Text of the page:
LITTLE AXE — Few Oklahomans could rival Norma Sapp's efforts to legalize marijuana.
She drove a motor home across the United States, serving as the support vehicle for a friend who was riding his one-eyed paint horse, Misty, across the country to raise awareness of a message: “Cops say legalize marijuana, ask me why.”
She has walked the marble hallways of the state Capitol more times than she can remember to advocate for changes in Oklahoma's marijuana laws.
And she ran for a state House office in the 1990s — and quickly learned she didn't want it.
Sapp is a walking encyclopedia for her cause.
And still, nothing.
Despite the failures, Sapp stays motivated by thinking about what impact a prison sentence can have on a family.
“We've ruined the next generation and the next generation by taking mothers away from their children,” Sapp said. “When you take a child and affect them like that, they'll never grow out of it.”
Oklahoma has some of the strictest marijuana laws in the nation, and marijuana advocates such as Sapp have seen little success in getting lawmakers to discuss much of anything.
This past session, Sen. Connie Johnson, D-Oklahoma City, got an Oklahoma Senate committee to hear her bill on medical marijuana.
Sen. Brian Crain, a Tulsa Republican who chaired the committee, told The Associated Press that although he personally opposes the idea, he agreed to hear Johnson's bill because of her persistence.
Johnson recently requested an interim study on “the status of policies in Oklahoma regarding marijuana use, possession and punishment.” It has yet to be heard.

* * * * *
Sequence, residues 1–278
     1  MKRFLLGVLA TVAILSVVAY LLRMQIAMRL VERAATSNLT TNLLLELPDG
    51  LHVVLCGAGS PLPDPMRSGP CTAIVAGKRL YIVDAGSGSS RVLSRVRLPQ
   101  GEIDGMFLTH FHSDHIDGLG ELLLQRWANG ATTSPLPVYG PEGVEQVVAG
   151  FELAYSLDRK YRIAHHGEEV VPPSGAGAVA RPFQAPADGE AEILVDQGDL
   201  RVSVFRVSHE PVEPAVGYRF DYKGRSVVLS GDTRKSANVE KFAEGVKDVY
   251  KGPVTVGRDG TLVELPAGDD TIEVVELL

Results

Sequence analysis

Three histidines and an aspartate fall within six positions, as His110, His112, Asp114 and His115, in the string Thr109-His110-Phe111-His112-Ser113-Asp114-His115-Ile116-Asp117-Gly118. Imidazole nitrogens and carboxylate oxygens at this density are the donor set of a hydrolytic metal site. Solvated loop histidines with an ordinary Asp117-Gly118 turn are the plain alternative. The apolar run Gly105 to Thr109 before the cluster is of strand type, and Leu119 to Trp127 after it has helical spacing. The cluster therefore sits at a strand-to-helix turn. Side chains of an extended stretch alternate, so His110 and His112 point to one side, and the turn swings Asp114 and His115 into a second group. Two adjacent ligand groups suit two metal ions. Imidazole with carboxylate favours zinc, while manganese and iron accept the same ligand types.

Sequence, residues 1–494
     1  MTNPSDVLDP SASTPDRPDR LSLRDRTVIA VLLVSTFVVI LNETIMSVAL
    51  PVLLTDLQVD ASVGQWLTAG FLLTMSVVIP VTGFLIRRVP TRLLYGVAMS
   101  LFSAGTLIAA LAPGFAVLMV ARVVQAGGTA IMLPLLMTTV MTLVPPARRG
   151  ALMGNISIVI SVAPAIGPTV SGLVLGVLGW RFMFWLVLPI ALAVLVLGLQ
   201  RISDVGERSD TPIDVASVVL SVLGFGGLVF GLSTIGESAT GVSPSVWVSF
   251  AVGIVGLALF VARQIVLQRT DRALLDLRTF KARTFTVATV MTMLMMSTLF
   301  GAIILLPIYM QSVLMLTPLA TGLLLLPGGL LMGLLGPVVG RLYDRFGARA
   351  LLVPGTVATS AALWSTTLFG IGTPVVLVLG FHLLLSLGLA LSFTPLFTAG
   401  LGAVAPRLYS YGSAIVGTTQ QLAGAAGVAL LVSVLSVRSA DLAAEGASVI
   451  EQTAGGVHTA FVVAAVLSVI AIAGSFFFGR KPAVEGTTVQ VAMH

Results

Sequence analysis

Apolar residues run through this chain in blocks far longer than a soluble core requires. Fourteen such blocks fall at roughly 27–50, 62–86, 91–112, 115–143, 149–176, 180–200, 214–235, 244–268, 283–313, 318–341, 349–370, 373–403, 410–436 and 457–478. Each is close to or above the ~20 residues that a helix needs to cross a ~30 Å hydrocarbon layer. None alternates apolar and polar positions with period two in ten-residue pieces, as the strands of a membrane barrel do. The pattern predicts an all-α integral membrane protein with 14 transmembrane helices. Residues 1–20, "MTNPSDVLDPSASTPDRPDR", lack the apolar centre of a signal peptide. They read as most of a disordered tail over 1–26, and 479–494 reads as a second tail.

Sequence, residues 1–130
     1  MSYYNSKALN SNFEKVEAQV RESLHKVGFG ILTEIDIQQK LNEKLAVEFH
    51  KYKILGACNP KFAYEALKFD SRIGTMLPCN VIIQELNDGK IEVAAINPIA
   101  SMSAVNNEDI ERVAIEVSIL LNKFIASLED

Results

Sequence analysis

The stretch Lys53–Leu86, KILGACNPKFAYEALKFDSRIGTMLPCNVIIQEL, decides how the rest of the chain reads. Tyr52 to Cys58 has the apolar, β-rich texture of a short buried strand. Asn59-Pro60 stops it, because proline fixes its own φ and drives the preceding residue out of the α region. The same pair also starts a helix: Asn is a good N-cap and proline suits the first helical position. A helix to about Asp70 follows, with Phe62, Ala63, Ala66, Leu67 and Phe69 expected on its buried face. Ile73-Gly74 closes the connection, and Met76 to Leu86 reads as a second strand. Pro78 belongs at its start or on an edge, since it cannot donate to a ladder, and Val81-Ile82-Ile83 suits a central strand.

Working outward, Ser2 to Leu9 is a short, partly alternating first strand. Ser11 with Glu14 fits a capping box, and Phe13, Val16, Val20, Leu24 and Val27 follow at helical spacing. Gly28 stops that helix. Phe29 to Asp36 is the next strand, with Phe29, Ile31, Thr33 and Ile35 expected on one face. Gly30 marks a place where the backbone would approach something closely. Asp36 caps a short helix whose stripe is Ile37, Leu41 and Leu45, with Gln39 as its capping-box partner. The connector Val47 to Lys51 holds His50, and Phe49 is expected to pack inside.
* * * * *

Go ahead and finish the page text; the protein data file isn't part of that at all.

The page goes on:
Few other attempts
Beyond Johnson's efforts, few lawmakers in recent state history have made many attempts at marijuana reform.
When Sapp ran for office in 1996, she wanted to educate Oklahomans on the agricultural benefits of hemp.
She quickly learned that the Capitol was not a place she felt she could make change, though.
“I did it to speak,” Sapp said. “I didn't think I was going to be elected. That would have shocked me. I don't know what I would have done. I wanted to be able to go to all of these campaign stops, and I have some hemp rope and some hemp soap, and I would take those with me and speak about the hemp.”
Instead of holding office, Sapp serves as the state director of Oklahoma NORML, a branch of the National Organization for the Reform of Marijuana Laws, a nonprofit lobbying organization working to legalize marijuana.
She regularly takes calls from people throughout Oklahoma who are experiencing some form of legal trouble because of marijuana.
There was the couple in their 60s that lived in southeast Oklahoma. They faced prison time after someone grew marijuana on their land without them realizing it, she said. Another couple in Cleveland County faced similar charges.
And another man that Sapp talked to was growing pot for his arthritis in Tulsa and got 93 years in prison, she said.
Other states' reform
Meanwhile, more and more states are moving toward some form of marijuana legislative reform. Ballot measures in Colorado and Washington created the most permissive marijuana laws in the U.S., according to the National Conference of State Legislatures.